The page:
Antonio Negri

William Warren celtman at
Tue Apr 24 21:43:06 MDT 2001

So Negri decided to schizo his Gortz?
At least Aronowitz is steering clear of Physics.

>From: Louis Proyect <lnp3 at>
>Reply-To: marxism at
>To: marxism at
>Subject: Antonio Negri
>Date: Tue, 24 Apr 2001 19:00:32 -0400
>[This is an excerpt from an article in the current Lingua Franca that is
>unfortunately not on their website. Titled "The Convictions of Antonio
>Negri," it is about the evolution of an Italian professor from
>ultraleftism--although the author Rachel Donadio scarcely recognizes it as
>such--to post-Marxist oracle. The subtitle claims that along with Michael
>Hardt--co-author of "Empire", he "attempts to rewrite the Communist
>Manifesto." Well, good, that's just what we need I suppose even if Hardt
>and Negri are totally disconnected to any kind of communist movement based
>on the working class. Negri is a BIG thinker, fond of issuing new versions
>of the Communist Manifesto about every ten years or so. His last shot at it
>was back in 1985 when he wrote "Communists Like Us" with Felix Guattari.
>The opening sentence proclaims "The project: to rescue 'communism' from its
>own disrepute." Wading through Negri and Guattari's prose, you discover
>that the project boils down to something that Abby Hoffman did much better
>and with a greater degree of modesty.]
>How does an unrepentant Marxist rebel make sense of today's post-Cold War
>world? With his former allies absorbed into the ever more centrist politics
>of the Third Way, how does he [sic] keep the hopes and dreams of revolution
>alive? To judge from Empire, Negri begins with the assumption that we now
>inhabit a fully globalized, informationalized economy with no real power
>center. Whereas many fellow neo-Marxists stress the persistence of state
>power and a coherent ruling class, Negri sees a new world at hand. Indeed,
>his description of the dispersal of centralized power into uncontrolled
>information networks and capital flows resembles that of cheerleaders for
>global capitalism like Thomas Friedman, author of The Lexus and the Olive
>Tree. (In a sympathetic review of Empire in the New Left Review, Gopal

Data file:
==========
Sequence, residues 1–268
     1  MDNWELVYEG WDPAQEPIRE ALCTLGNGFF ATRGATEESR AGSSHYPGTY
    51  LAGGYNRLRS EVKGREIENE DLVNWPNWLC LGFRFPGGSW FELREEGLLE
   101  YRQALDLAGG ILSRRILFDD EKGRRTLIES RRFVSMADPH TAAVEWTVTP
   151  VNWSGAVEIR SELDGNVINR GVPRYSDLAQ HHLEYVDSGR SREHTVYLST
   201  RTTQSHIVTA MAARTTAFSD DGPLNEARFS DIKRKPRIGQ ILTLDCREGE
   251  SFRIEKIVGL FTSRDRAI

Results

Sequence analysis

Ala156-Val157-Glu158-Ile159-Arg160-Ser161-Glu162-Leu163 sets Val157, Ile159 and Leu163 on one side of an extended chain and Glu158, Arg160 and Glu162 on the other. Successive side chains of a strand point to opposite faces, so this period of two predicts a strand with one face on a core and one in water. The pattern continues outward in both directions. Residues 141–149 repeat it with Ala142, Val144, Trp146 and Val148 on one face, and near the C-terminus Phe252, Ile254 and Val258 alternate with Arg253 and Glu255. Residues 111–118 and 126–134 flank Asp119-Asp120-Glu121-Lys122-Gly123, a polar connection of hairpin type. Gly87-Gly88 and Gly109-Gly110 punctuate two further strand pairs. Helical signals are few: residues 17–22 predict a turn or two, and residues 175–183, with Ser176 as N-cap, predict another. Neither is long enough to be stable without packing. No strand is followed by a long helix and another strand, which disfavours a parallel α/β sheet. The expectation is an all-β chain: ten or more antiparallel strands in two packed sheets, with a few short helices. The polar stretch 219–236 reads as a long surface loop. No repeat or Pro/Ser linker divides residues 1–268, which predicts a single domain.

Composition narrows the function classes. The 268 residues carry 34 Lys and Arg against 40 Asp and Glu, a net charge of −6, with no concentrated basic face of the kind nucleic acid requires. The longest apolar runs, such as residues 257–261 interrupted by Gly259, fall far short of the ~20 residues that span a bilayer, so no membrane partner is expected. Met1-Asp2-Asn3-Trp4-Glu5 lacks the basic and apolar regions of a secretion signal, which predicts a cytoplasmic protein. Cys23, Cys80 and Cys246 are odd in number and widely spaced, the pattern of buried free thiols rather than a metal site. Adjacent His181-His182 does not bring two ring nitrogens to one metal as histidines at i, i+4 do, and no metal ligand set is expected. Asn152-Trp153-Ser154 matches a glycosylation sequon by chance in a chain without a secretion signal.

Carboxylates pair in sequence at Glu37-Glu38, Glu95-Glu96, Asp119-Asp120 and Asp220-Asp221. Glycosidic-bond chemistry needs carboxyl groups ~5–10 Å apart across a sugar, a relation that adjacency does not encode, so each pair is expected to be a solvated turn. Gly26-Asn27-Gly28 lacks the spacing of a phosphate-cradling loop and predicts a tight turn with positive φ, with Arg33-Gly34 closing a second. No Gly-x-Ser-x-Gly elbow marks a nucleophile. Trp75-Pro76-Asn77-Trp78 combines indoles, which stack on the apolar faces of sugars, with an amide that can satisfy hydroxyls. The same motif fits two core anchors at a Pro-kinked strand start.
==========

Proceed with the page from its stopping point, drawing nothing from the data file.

>Balakrishnan even claimed that the book "can be read as the Lexus and Olive
>Tree of the Far Left.")
>"When you talk about sovereignty and the idea of a nation-state in European
>history, you talk about concepts that don’t make sense anymore," Negri
>says. With the era of state-based imperialism over, according to Negri and
>Hardt, people inhabit a world of supranational corporations and entities—
>the "Empire" of the book’s title. In this new global order, they argue, the
>United States is not necessarily functioning as an imperialist power—though
>most global financial, diplomatic, and military power happens to beheld by
>the United States. (Indeed, Negri and Hardt laud the American
>constitutional system for permitting sovereignty to remain largely with the
>So what distinguishes Negri and Hardt’s outlook from Thomas Friedman’s? For
>one thing, they do not believe the globalized economy will empower
>consumers or bring about higher living standards around the  world.
>Instead, they feel that this new commercial Empire is a far vaster and
>infinitely  more menacing form of domination than anything that has
>preceded it. ("Empire not only regulates human interactions," they write,
>"but seeks directly to rule over  human nature.") Fortunately, there are
>grounds for optimism. Just as Empire has replaced the old nation-state,
>they argue, the international "Multitude" has replaced the
>nineteenth-century proletariat. As Negri notes, "It is a multitude that can
>no longer be called a rabble or mob." With labor no longer linked to the